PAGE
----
The Food and Drug Administration is set to ban the manufacture and sale of menthol-flavored cigarettes, the only remaining flavored cigarette still legally allowed. To borrow from an unintentionally grim advertising tagline used by the leading menthol brand, the move makes us alive with pleasure.

The first reason is also the second, third, and the last: Smoking is powerfully addictive, and it kills.

After the publication of a wealth of studies conclusively demonstrating the deadliness and addictiveness of the toxic carcinogens packed inside every box, after sweeping prohibitions on public smoking in New York and around the country, after years of increasing taxes on cigarettes, far fewer Americans smoke than did in the middle of the last century.

Yet the awful habit is still responsible for more than 480,000 American deaths per year, and immeasurable agony. That's in no small part because, when the FDA banned flavored cigarettes, the gateway cancer sticks for many young people, in 2009, it left a lethal asterisk carving out the flavor that happened to be most aggressively marketed to and popular among Black Americans. It did so despite the fact that Black Americans currently die at higher rates of tobacco-related illnesses like cancer and heart disease than others, and despite the fact that menthol flavoring helps draw in smokers at younger ages by masking the throat irritation regular cigarettes cause.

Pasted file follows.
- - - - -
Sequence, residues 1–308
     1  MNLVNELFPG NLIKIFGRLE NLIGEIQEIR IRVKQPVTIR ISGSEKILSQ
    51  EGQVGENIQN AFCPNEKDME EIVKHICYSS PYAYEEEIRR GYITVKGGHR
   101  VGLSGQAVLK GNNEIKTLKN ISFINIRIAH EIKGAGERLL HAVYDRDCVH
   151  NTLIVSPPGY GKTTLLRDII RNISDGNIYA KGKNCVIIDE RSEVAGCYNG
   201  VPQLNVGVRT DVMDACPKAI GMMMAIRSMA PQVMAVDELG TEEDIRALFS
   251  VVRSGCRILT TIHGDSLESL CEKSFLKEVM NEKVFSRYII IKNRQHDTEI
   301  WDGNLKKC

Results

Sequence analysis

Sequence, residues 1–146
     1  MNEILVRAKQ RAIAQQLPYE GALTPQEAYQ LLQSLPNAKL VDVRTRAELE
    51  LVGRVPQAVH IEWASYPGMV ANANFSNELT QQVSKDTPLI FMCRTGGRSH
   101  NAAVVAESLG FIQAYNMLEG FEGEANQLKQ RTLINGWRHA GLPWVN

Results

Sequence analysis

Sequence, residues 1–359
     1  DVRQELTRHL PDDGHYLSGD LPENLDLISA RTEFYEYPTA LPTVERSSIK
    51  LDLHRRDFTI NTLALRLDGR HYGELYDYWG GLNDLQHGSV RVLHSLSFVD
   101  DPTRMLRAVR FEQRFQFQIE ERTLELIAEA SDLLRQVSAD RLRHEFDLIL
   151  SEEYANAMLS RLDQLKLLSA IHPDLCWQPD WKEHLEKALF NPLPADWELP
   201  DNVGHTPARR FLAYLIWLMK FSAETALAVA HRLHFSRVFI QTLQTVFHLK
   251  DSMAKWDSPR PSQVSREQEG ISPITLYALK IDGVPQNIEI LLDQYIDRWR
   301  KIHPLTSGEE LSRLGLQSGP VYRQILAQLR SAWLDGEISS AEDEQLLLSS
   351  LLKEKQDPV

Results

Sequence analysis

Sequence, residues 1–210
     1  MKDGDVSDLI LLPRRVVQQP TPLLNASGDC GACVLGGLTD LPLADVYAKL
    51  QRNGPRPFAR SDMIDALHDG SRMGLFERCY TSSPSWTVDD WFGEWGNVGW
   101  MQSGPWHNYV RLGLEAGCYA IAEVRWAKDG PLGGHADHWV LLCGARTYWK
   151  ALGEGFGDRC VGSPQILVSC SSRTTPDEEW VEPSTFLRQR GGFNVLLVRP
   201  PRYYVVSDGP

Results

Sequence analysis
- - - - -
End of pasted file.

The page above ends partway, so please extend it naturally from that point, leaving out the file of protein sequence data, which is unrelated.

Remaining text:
So cheer the administration of President Joe Biden for actually taking this step, which neither the administrations of Presidents Donald Trump nor Barack Obama was willing to enact.

Newsletter signup for email alerts

At this point, we'd like to blow a stiff puff of smoke in the face of the Rev. Al Sharpton, who lobbied against the "unjust" ban, even though his National Action Network accepted money from tobacco giant R.J. Reynolds. Boo!

The Biden administration estimates the ban, which must be strictly but sensitively enforced, will result in nearly 1 million people quitting smoking in the first 17 months after being enacted, and it could save 633,000 Americans' lives. That's the population of Memphis.

— New York Daily News